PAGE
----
“I feel as if now both companies are benefiting from the relationship. Ring of Honor has always been about the best wrestling in the world, and by adding the New Japan talent into the game, it’s really upped everyone’s game. You’re seeing matches you may not have seen, matchups that are newsworthy and worth the price of admission alone. New Japan, who is on a tear, they’re gaining a lot of great United States exposure being on Ring of Honor’s television and pay-per-views. I feel like both companies are thriving and surviving and excelling. I’m personally thrilled. Having this relationship, it opens up the door for me to return to New Japan after close to seven years. Getting a chance to go back last year was a big deal to me, getting to work with guys like Tanahashi, Yuji Nagata, Okada. Those guys push you to be at the top of your game. At this point in my career, that’s something I thrive on. I like to prove what I have what it takes to be here.”

There were reports that you’ve taken an increased backstage role with ROH. Is that true, and if so, how has that been for you?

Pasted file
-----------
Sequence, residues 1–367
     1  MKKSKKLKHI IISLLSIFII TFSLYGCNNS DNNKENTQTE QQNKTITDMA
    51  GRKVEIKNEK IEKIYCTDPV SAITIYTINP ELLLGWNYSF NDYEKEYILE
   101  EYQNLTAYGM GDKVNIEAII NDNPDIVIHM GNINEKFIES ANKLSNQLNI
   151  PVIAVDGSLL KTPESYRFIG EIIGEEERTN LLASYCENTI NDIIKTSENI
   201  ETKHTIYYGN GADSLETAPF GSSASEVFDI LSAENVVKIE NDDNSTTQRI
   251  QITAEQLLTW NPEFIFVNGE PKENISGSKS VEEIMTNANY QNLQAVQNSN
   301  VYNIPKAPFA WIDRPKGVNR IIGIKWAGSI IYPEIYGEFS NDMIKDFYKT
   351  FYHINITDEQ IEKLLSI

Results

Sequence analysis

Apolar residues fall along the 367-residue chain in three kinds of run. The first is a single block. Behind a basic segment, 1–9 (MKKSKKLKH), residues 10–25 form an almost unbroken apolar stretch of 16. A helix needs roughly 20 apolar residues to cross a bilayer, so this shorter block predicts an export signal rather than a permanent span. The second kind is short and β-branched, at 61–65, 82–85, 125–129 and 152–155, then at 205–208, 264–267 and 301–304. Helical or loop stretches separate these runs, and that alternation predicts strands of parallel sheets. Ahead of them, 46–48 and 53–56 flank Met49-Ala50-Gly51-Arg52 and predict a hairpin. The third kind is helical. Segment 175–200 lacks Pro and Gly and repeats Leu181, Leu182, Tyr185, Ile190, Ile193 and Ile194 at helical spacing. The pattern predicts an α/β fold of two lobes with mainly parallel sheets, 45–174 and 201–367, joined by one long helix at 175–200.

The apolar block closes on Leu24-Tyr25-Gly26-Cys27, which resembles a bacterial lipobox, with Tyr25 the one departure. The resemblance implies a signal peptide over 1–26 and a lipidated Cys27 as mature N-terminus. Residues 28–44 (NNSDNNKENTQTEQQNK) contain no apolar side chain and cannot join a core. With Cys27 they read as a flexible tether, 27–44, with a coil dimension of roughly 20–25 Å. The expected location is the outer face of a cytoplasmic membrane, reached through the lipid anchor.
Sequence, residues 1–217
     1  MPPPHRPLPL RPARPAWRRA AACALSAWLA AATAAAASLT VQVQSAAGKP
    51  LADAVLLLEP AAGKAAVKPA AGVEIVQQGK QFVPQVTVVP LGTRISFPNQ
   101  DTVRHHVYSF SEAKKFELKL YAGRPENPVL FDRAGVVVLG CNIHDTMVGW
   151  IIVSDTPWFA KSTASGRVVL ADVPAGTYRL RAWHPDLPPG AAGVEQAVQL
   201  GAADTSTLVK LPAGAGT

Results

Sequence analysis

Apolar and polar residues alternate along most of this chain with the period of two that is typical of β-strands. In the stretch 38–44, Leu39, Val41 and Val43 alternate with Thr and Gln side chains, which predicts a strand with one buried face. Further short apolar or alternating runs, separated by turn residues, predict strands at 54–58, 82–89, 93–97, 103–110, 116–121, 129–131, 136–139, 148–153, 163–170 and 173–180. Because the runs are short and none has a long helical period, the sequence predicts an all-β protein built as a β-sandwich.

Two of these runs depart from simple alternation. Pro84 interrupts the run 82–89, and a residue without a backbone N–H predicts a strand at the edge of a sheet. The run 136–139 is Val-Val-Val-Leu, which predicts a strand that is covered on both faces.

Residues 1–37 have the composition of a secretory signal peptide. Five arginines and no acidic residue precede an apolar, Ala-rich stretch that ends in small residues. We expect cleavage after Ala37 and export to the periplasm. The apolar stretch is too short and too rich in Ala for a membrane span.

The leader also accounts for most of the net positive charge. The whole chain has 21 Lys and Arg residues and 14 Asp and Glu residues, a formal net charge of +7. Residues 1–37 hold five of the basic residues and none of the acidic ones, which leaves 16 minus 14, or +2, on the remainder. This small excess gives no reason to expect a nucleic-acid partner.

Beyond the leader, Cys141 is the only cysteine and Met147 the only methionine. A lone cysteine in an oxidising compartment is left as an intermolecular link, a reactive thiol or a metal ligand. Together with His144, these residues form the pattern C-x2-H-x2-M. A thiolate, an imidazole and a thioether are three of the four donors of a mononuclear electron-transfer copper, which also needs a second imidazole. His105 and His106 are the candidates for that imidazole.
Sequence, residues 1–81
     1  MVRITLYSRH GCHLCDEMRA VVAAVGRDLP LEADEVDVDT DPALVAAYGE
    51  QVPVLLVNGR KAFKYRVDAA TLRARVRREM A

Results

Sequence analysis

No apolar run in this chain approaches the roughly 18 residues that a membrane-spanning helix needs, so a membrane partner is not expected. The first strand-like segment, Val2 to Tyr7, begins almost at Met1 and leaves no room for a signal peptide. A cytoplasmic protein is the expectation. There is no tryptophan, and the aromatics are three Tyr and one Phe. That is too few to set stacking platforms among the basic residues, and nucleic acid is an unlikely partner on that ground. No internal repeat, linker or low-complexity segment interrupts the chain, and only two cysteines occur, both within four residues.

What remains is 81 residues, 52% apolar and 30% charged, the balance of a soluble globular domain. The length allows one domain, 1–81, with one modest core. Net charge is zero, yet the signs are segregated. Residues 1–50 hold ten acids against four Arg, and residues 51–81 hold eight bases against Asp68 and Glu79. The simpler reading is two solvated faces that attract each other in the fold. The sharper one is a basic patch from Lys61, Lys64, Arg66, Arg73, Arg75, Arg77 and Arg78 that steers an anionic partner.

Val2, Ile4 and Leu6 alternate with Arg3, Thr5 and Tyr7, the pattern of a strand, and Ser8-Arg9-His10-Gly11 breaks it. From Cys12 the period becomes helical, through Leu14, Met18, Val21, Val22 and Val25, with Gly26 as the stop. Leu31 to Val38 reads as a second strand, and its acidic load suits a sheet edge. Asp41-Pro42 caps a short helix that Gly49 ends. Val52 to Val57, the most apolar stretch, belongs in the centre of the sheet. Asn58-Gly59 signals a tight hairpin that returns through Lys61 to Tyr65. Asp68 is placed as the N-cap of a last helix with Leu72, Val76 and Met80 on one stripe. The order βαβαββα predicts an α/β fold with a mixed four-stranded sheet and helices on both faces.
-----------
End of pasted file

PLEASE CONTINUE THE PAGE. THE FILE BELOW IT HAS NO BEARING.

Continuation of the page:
“It’s true, I’ve taken more of a leadership role in the back. Nothing specifically official. I don’t have a title in that respect, but I try to contribute to the product as much as I can in terms of the day-to-day shows. Trying to help shine a spotlight on the stories we have, trying to get the most out of the limited television time we have. Trying to get the most of the characters we’ve got. That’s sort of my focus, to get the most out of everybody, and eliminate the negatives and accentuate the positives.”

How much longer do you see yourself in the ring?

“Part of the reason I signed this contract with ROH was to plant the seeds of my focus in wrestling after I’m done wrestling, but that didn’t come with a timetable. There’s not a timetable for me right now. I’m sort of playing it by ear. I feel as if I’ve been rejuvenated and I’ve got a focus on staying in the ring as long as I can. I’m training a little bit harder, doing more homework by watching these guys’ tapes. I don’t see a time in the near future where I’ll be hanging up the boots.”